Everything Starts at Home: Helping Your Child Make Friends at School

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Every parent understands the importance of making friends at school. Friends allow us to improve our self-esteem, enrich our lives, and offer moral support during those times when we need to memorize poems and multiplication tables.

In fact, making friends at school is equally as important as getting straight A’s in terms of development. The ability to form successful relationships with peers at an early age is an important skill that children must learn. After all, it’s one that they can use and refine as they get older.

However, some kids find it a lot more challenging to fit in. Simple childhood interactions such as sharing toys with others and playing make-believe don’t come easy for them.

While it’s impossible for parents to make friends for their kids, they can still play an active role in teaching them how to develop and practice their social skills. So, if you think your child is having problems making new friends at kindergarten in Tootgarook, here are some research-based ideas you can consider:

1. Be your child’s “emotion coach.”

Everyone has selfish impulses and other negative emotions deep within. In order to make friends, we must be able to keep all these responses in check.

According to research conducted among children in the West, kids are able to enhance their self-control better when their parents openly share with them their feelings in a positive, encouraging manner.

2. Practice authoritative parenting.

Separate research involving both Western and Chinese children revealed that children experience a higher rate of rejection from their peers when their parents are more drawn towards authoritarian parenting instead of authoritative.

This refers to an approach in which there’s a lower level of sympathy and more focus toward control. In an authoritarian household, children are discouraged from participating in adult discussion, and their behaviors are controlled through punishments.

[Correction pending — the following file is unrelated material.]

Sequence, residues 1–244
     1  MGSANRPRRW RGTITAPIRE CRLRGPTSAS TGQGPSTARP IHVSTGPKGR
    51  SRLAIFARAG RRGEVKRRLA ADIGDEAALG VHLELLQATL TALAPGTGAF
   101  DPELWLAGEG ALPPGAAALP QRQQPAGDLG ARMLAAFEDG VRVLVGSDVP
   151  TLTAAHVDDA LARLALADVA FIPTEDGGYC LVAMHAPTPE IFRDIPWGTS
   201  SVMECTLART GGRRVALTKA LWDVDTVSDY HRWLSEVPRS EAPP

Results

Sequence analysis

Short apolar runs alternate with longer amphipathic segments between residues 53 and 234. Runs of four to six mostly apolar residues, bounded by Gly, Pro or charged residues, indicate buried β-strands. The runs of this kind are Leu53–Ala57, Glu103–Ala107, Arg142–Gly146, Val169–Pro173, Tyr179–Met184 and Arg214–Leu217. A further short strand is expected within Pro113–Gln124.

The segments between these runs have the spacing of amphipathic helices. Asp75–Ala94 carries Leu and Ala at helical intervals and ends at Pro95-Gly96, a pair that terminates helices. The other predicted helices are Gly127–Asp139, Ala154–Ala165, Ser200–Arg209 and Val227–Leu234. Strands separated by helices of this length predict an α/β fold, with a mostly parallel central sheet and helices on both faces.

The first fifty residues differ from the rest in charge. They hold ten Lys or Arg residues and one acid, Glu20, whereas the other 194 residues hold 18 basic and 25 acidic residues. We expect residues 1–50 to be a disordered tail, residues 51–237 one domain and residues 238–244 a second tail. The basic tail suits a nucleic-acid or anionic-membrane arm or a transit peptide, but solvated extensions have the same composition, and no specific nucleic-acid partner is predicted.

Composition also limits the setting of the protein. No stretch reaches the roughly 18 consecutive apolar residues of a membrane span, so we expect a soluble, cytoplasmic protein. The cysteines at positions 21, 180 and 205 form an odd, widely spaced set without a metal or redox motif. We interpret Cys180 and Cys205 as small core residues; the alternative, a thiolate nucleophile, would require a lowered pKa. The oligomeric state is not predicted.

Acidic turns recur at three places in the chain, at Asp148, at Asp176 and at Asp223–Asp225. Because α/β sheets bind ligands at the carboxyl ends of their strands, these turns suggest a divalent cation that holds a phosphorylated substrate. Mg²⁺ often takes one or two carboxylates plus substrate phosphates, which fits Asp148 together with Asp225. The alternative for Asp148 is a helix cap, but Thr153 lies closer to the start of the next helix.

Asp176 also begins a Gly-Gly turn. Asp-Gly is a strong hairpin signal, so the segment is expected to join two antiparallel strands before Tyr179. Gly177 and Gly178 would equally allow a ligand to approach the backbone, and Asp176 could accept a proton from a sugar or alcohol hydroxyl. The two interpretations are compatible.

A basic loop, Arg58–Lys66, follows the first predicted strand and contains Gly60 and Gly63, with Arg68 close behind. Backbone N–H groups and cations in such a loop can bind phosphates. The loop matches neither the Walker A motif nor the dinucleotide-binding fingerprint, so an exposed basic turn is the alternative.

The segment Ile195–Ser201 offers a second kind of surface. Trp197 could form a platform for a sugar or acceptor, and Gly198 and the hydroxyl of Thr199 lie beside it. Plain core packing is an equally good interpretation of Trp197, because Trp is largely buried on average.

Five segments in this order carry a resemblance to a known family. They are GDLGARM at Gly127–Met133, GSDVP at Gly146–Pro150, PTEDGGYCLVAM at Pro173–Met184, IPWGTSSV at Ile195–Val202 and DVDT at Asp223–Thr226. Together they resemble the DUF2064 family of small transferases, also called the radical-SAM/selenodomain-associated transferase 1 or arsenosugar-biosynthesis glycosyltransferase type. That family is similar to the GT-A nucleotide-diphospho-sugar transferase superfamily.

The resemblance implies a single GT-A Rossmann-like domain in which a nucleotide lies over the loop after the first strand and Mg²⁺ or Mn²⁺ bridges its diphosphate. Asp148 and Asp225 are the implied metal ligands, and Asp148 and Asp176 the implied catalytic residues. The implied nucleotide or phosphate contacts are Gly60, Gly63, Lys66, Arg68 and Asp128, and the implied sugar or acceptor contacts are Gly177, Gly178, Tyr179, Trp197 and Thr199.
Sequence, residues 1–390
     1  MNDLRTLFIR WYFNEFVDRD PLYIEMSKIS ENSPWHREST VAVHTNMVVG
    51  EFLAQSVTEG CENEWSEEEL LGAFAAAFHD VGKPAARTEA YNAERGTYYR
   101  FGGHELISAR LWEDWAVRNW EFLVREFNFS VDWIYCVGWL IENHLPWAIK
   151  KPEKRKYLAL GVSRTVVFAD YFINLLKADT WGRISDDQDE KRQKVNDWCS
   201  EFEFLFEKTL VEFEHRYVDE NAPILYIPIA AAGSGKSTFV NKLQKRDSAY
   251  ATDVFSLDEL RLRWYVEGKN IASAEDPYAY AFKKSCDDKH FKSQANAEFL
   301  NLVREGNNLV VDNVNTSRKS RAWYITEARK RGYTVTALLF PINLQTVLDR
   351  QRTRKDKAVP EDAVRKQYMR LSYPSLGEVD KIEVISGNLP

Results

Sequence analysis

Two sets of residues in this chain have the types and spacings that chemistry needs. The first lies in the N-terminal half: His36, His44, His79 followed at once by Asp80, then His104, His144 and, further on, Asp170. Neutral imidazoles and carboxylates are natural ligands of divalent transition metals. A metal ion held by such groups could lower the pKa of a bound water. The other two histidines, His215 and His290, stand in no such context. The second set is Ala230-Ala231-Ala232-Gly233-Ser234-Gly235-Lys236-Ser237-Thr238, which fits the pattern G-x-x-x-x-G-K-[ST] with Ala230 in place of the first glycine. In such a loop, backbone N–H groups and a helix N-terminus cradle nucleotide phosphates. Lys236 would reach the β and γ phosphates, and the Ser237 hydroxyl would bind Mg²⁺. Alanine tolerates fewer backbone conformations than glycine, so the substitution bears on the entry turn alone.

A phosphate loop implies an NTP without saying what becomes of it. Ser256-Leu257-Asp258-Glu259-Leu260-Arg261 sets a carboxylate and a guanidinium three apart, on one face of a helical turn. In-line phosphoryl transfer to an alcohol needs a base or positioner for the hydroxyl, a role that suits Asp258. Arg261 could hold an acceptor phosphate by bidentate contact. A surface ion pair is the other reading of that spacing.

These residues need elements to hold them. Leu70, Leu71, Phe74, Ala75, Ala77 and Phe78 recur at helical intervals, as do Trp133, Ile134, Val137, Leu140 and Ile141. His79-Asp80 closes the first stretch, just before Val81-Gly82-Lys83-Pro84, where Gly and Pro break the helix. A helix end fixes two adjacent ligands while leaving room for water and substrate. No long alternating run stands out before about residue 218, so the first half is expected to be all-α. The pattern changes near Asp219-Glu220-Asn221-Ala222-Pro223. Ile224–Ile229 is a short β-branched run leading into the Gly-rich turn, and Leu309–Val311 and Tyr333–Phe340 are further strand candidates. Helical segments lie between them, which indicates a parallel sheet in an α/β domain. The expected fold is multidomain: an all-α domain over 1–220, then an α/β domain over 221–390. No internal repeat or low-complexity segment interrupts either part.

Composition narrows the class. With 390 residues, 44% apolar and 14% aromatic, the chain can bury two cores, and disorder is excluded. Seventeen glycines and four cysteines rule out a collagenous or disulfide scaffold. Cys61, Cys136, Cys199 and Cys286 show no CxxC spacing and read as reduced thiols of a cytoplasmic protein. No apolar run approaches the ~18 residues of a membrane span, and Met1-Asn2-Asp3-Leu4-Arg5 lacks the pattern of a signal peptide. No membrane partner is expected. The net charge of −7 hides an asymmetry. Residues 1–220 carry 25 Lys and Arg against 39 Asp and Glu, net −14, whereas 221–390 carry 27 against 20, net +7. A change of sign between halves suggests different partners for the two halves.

Children who were raised using this approach have lower chances to develop an innate sense of what’s right and wrong. In addition, children who grew up getting subjected to punishments have a higher tendency to show more aggression and hostility.

3. Teach children how to communicate politely.

fun with the family

The first lessons about communication that children get starts at home, and whatever practice they get used to growing up makes a lot of difference. Researchers have found out that parents who were able to show higher levels of reciprocity when communicating with their children were able to raise kids with better social competence and negotiation skills.

4. Teach them how to read facial expressions.

While this may seem like a no-brainer, research claims that children in elementary school can benefit from practice at an early age. There are tons of specific activities that will help children practice their skills in reading faces. Doing so will help develop their sense of empathy towards others.

Finally, never make it a habit to compare your children with yourself or their siblings while they’re growing up. Every child has a unique personality and temperament, which will determine the number of social interactions they seek.

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